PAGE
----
Housing: Government to double bright-line test and end interest writeoff in war on property speculation, will spend $3.8b on new supply

The Government will double the bright-line test on residential property and spend billions attempting to accelerate housing supply in a huge package of policies aimed at increasing housing affordability.
The bright-line test an effective capital gains tax on investment property will be extended from five to 10 years, meaning profits from the sale of property could be hit with a tax of up to 39 per cent.

It is likely to be extremely controversial as Finance Minister Grant Robertson directly committed to not extending the bright-line test prior to the election.

The old five-year rule will stay in place for any new builds.

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The package will also see $3.8b put into a Housing Acceleration Fund aimed at enabling thousands of new homes by footing the bill for pipes and new roads to support housing development almost two times what was set aside for the failed KiwiBuild scheme.

The income caps for the Governments First Home Grants and First Home Loans will also be raised, allowing more potential first home buyers to access Government help with mortgages.

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Prime Minister Jacinda Ardern said the package did not have any silver bullets but would help affordability.

Kainga Ora will be allowed to borrow $2b to build more affordable and state housing.

Prime Minister Jacinda Ardern announced the policy on Tuesday morning after mounting pressure to addressing runaway house price growth in the last 12 months.

This is a package of both urgent and long-term measures that will increase housing supply, relieve pressure on the market and make it easier for first-home buyers, Ardern said.

The housing crisis is a problem decades in the making that will take time to turn around, but these measures will make a difference.


Investors are also being targeted with the removal of interest deductibility for residential investment from October 1. At first this would only apply to property purchased after 27 March in four days time - before ratcheting in to apply to all residential property by 2025, although new builds may be excluded.

This means any investor settling on a property after Saturday will not be able to write off their interest costs against the tax on their rental income.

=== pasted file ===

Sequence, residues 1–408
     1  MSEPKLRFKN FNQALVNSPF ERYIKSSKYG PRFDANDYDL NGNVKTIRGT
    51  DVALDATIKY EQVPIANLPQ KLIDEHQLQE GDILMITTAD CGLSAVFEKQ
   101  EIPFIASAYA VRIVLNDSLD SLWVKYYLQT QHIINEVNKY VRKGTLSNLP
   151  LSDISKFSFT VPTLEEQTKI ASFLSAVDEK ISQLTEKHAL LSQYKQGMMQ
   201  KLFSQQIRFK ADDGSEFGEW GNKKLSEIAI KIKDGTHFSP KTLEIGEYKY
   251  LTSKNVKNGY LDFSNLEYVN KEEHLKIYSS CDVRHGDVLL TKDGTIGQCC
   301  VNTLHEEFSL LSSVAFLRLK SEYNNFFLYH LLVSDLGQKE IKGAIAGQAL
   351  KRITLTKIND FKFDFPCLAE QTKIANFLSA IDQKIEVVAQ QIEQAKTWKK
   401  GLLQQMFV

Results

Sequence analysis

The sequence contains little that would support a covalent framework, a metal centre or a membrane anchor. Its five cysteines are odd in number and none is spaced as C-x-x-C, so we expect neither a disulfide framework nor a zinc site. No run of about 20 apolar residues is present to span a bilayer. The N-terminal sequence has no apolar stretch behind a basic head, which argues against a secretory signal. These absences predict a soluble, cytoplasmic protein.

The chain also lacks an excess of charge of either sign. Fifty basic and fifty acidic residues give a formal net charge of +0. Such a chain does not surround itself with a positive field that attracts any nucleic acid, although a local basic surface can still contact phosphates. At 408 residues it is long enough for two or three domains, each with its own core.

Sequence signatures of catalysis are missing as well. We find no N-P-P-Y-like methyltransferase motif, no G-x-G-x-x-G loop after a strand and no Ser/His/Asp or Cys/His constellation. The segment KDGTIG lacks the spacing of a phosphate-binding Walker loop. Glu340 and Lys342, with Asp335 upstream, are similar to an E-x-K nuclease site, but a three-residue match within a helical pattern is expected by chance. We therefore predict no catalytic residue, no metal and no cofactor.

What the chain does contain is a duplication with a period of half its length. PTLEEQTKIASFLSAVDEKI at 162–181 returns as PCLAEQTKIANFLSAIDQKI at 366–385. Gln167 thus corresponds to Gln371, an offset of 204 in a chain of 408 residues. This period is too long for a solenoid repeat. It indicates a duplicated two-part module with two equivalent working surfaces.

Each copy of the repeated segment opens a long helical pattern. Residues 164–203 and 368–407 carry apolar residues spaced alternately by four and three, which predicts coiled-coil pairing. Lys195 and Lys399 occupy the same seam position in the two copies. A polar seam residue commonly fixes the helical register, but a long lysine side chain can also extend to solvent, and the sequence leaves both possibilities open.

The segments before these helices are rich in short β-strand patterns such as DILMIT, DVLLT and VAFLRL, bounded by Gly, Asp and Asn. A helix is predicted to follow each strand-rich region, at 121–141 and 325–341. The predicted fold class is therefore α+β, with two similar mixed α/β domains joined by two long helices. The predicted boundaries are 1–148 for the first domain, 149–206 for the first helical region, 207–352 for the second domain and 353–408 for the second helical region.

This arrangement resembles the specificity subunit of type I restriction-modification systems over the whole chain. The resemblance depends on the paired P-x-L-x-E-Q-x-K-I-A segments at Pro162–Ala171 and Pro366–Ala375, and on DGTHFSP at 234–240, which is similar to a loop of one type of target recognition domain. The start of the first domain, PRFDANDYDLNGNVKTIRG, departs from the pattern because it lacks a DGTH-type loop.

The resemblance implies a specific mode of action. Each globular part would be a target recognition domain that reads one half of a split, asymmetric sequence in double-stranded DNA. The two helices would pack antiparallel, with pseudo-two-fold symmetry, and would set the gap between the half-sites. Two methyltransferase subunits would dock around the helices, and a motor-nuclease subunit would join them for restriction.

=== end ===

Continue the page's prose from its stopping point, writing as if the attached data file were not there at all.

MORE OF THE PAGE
The Government say this will level the playing field for first home buyers competing with investors to buy property.

Robertson said the Government needed to take steps to curb rampant speculation and linked the bright line test to the National Party, who first introduced it with a two-year rule in 2015.

Extending Nationals bright-line test and removing interest deduction loopholes for investors will dampen speculative demand and tilt the balance towards first home buyers, Robertson said.

House price increases of the magnitude we have seen in recent months are not only harmful to affordability, they also present a risk to economic stability. Our plan also encourages investment in new builds. To support our goal of increasing supply, we will keep the bright-line test for new build investment properties at the current five years.

This will give Kiwis a better chance at purchasing their first family home. I want to stress that the bright-line test does not and will not apply to the family home.

The bright line test currently applies income tax rates to profits from houses sold within five years of being purchased, if they are not the main home people are living in.

The tax is paid at people's income tax rate potentially up to 39 per cent on some or all of the profit.

Revenue Minister David Parker said the Government was considering ending interest-only loans and the Reserve Bank were looking at brharapg in to debt-to-income caps for mortgage lending.

As house prices have skyrocketed up 20 per cent in the last year investors have taken an increasing share of the pie, mortgage figures from the Reserve Bank Show. In November and December of 2020 investors borrowed roughly double what first home buyers did.


The income caps for the Governments First Home Buyer Grant and First Home Loan will move from $85,000 to $95,000 for single buyers and from $130,000 to $150,000 for two or more buyers.

The property price caps would also raise to $700,000 in Auckland, $650,000 in Wellington and Queenstown, $600,000 in Nelson, Tauranga, Hamilton, and Napier, $550,000 in Christchurch and Dunedin, and $500,000 in the rest of New Zealand.

Housing Minister Megan Wood said these changes will take effect from April 1.

This package of measures will help first home buyers into the market and boost activity and create jobs in the construction sector, as we recover from the impacts of COVID-19, Woods said.


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